Craig Mackinlay is a member of Kent Police Authority1. He stood for UKIP in Totnes at the 2001 general election2. He stood for UKIP in Gillingham at the 2005 general election2. He is a Conservative Councillor for River Ward on Medway Council (2007-)1. He stood for UKIP in the 1994, 1999 and 2004 European elections2. He is a trustee of the Foord Almshouses in Rochester1. He trained as a Chartered Accountant and Chartered Tax Adviser and is now a Partner in a Kent firm2. He joined the Conservative Party in 2005, leaving UKIP2. He previously served as Deputy Leader of the UK Independence Party2. He is a trustee of the Chatham Historic Dockyard Trust1. He has served as a magistrate on the North Kent Bench since 20062
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Craig Mackinlay is a British Eurosceptic politician. Mackinlay grew up in Rainham, Kent, and studied at the University of Birmingham. A chartered accountant by profession, first became opposed to British membership of the European Union when Britain dropped out of the European Exchange Rate Mechanism. After hearing Alan Sked, a lecturer at the London School of Economics, speaking on the issue, he made contact. At the 1992 general election, he stood in Gillingham as an independent in support of Sked's Anti-Federalist League, taking 248 votes. When the Anti-Federalist League became the United Kingdom Independence Party (UKIP), Mackinlay became Treasurer and Vice-Chairman. He stood again in Gillingham at the 1997 general election, taking 590 votes. In July 1997, Sked resigned the leadership of UKIP, and named Mackinlay as his successor. Mackinlay decided that the only way to keep the party going was to rework its constitution and hold a leadership election. Mackinlay stood in the election against Michael Holmes and Gerald Roberts. Holmes, with the backing of Nigel Farage, easily won, and appointed Mackinlay as deputy leader. After the European Parliament election in 1999, Holmes dismissed Mackinlay and party secretary Tony Scholefield at an NEC meeting, which led to an immediate vote of no confidence in Holmes, who agreed to resign the following month. After extensive wrangling, Jeffrey Titford was elected as the new party leader, and Mackinlay stepped down as deputy, but remained on the NEC. Mackinlay remained active in UKIP, standing in Totnes at the 2001 general election, at which he took 6.1% of the votes cast, then back in Gillingham in 2005, where he took 2.6%. He also stood in the 1994, 1999 and 2004 European elections. In July 2005, Mackinlay resigned from UKIP and joined the Conservative Party. He was subsequently elected as a councillor on Medway Borough Council. From Wikipedia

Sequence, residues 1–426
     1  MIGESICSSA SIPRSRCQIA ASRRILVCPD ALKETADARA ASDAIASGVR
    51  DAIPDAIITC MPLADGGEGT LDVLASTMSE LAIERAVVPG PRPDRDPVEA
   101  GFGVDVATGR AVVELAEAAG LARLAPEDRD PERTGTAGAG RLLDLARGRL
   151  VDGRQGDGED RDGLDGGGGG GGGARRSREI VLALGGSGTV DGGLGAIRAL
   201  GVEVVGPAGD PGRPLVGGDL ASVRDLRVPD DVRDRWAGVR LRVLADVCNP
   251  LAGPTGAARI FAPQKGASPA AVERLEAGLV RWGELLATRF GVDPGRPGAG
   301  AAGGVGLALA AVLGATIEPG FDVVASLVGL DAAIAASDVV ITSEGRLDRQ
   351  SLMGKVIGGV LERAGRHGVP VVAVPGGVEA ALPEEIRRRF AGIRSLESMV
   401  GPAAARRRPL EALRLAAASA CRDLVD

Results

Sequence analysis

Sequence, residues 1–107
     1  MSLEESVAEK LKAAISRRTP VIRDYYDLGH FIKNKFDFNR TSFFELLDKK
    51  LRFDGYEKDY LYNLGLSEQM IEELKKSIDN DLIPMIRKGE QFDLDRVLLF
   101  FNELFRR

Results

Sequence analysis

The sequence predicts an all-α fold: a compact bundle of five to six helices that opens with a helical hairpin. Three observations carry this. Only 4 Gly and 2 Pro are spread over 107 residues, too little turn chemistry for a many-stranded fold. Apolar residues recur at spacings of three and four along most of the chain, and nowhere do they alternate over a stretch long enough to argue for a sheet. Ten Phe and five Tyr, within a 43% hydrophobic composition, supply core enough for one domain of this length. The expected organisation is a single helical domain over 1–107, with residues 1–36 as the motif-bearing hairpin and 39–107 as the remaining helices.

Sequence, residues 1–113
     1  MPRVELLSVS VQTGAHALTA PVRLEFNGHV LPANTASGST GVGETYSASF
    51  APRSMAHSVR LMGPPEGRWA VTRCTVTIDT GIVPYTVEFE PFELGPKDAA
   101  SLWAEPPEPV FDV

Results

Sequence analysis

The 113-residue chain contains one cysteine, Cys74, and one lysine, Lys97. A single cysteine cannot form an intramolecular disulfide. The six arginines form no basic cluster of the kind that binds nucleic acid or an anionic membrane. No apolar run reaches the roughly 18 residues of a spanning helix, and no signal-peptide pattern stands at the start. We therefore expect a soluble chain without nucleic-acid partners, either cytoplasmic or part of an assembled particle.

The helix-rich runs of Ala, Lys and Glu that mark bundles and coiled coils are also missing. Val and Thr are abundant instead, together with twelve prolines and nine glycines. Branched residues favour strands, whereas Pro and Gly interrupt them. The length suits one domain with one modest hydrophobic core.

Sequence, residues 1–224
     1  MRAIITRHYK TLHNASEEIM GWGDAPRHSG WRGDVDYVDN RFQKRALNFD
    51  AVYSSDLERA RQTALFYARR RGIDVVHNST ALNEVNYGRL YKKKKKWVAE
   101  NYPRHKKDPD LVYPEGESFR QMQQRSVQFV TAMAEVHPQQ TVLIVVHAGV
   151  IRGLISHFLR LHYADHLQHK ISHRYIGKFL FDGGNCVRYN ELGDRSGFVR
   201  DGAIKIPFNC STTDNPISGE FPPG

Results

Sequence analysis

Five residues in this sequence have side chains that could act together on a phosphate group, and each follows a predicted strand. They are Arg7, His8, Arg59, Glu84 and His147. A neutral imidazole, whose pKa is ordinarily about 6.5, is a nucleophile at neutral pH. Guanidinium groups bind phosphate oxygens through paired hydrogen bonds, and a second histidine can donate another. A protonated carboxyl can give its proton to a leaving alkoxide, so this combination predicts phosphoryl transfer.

Conservative candidate for PCC in Kent. Councillor Medway Unitary. Member of Kent Police Authority. Magistrate. Tweets and opinions in a personal capacity.
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